How to Support Your Child’s Executive Function Skills
According to Harvard University’s Center on the Developing Child, “Executive function and self-regulation are the mental processes that enable us to plan, focus attention, remember instructions, and juggle multiple tasks successfully.”
Adults and Teenagers Juggle and Prioritize
As we manage our busy lives, we have ample opportunities to practice our skills by juggling family, work, home and social obligations. Even middle and high school students are beginning to hone their skills by navigating their daily schedules with multiple homework assignments, extra-curriculars and longer term projects and—when needed—prioritizing tasks to meet deadlines. As the pace of their life gets faster, their executive function skills become vital to keep up with life’s demands.
Young Children Need to Develop These Coping Skills
When it comes to young children, how can a parent or teacher set the stage to build these important skills? By modeling. Young children need to see these skills in action in their day-to-day lives. Here are three ideas to promote Executive Functions skills in your young child:
- Talk about time & make it visible: We all know that young children have yet to develop a good sense of time, and we can help them begin to visualize time passing and how it affects the things they do. Talk through a task before you start – cleaning up a puzzle, for example. Ask them to estimate how long it will take. Show them how long that amount of time is on a clock (many clocks can be written on with dry erase markers and wiped off easily). Or use a visual TimeTimer; at Tobin we found these cool sandtimers from Lakeshore to see if their predictions were right or wrong. Did it take more time than they thought or less time? Make it a game to see if they can do a task in a certain amount of time, and help them begin to plan their own time (“five minutes to clean up before we go outside”).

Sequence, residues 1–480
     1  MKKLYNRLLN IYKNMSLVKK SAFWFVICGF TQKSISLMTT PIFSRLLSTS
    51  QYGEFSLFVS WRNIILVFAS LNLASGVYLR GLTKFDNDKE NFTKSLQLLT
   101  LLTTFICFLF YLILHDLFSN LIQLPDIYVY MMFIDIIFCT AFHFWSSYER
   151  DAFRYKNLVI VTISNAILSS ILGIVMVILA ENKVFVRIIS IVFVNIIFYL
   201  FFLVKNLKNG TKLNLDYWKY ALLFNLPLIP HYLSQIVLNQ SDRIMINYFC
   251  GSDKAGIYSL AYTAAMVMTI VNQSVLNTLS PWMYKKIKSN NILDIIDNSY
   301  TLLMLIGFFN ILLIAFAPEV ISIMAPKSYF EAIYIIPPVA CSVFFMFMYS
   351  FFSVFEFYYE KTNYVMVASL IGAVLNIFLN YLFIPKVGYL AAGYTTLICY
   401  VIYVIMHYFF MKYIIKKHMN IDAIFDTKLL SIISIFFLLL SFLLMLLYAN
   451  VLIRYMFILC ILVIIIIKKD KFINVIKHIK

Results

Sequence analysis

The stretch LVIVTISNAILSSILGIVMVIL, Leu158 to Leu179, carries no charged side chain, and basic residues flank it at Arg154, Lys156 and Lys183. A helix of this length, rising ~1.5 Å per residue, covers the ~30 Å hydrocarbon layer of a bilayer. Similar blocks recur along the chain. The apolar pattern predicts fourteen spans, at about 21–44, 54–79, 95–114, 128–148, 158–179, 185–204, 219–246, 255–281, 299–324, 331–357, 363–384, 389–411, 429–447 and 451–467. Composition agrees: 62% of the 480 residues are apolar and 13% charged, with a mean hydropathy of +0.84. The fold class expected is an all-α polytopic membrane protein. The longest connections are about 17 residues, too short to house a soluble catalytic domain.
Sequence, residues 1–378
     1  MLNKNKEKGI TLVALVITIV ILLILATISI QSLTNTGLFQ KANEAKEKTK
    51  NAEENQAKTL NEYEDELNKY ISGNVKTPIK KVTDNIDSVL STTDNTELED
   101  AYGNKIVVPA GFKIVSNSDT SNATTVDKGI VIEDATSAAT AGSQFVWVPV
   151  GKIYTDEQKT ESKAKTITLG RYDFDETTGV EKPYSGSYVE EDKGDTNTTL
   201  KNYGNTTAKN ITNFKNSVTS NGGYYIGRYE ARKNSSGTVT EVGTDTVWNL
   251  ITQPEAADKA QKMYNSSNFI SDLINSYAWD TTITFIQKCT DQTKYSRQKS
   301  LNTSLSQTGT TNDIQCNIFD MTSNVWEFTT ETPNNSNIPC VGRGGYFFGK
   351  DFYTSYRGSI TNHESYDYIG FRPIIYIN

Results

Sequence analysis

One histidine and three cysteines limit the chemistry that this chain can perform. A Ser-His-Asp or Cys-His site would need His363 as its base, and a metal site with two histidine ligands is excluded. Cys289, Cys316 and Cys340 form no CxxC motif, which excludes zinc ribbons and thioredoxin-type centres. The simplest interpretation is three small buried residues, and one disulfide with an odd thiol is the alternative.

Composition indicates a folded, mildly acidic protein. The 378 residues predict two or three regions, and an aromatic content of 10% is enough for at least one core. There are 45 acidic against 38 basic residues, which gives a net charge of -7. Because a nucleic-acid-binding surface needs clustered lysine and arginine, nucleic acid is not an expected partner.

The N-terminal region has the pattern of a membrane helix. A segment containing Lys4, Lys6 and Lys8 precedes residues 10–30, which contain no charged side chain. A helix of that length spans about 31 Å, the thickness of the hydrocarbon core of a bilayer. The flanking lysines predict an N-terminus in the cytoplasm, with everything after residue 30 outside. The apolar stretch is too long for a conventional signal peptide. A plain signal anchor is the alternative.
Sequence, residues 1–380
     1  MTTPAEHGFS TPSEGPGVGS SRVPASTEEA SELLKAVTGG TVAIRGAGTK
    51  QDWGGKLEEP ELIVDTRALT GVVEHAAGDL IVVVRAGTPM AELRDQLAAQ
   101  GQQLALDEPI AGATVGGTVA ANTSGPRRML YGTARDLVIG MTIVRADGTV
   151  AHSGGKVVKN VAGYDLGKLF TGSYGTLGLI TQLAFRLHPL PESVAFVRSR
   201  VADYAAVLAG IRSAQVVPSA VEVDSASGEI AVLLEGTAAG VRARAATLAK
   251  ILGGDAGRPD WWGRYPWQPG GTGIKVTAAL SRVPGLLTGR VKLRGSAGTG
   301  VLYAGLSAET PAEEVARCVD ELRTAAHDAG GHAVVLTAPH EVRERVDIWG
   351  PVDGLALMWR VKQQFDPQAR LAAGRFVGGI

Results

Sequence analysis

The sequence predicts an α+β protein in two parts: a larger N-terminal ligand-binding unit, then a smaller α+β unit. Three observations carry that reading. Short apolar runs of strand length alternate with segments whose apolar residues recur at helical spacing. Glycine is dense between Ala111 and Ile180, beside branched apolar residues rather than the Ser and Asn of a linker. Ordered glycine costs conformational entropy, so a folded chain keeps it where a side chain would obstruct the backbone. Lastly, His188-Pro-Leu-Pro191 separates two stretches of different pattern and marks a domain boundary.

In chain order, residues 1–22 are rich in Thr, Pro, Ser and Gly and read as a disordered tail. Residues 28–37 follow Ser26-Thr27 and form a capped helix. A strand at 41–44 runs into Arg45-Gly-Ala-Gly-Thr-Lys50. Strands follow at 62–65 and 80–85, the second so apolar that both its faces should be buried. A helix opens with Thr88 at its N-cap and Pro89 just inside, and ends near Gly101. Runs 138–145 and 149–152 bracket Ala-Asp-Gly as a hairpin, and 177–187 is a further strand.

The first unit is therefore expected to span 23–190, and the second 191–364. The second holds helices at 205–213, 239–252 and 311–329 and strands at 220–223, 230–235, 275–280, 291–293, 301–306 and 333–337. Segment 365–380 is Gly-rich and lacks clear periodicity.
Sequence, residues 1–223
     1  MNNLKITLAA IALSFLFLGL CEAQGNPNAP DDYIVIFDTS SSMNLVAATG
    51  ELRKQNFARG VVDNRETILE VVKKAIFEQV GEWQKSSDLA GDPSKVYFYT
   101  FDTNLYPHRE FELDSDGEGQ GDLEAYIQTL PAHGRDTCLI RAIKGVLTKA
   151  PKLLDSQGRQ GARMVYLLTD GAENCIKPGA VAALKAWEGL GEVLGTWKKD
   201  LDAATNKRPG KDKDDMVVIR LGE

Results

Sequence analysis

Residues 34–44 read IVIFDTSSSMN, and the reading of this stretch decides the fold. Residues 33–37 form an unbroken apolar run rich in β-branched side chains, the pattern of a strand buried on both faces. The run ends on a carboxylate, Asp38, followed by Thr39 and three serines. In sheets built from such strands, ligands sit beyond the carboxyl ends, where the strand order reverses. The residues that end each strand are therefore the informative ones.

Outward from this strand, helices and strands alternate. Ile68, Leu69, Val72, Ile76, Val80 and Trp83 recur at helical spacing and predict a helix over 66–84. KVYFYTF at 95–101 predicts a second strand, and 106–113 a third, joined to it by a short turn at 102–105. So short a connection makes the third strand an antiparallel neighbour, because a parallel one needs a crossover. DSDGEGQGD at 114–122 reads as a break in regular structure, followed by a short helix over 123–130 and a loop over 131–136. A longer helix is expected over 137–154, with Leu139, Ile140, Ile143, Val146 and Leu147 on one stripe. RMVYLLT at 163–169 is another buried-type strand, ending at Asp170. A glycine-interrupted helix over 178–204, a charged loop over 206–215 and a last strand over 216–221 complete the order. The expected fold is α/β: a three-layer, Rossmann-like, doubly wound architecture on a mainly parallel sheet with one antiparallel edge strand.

- Walk through the steps of a multi-step project: In this way, you serve as the child’s prefrontal cortex by modeling the way we plan out a task. For example, if your child wants to paint, help them come up with all the items they need to paint a picture (the paint, brushes, paper, a smock, a table cover). Then walk them through collecting them all. They need lots of practice hearing and moving through the steps with you before they can take on tasks like this on their own. Cooking together is a great way to demonstrate all the preparatory steps you have to do before you can eat the product.
- Ask them for a plan before they jump into playing: If your child is in the sandbox and wants to make a cake or build a castle, encourage them to think deeper about the project. For example, who is the cake for? What will they decorate it with? Who lives in their castle? What does the person need in their castle? A tower? A lot of rooms? A place for horses? This process not only encourages them to think through a task, but to make a plan and figure out how to make it happen.
Children need a lot of practice to build these important life-skills – but it’s easy to incorporate this practice in your daily routine. Have fun!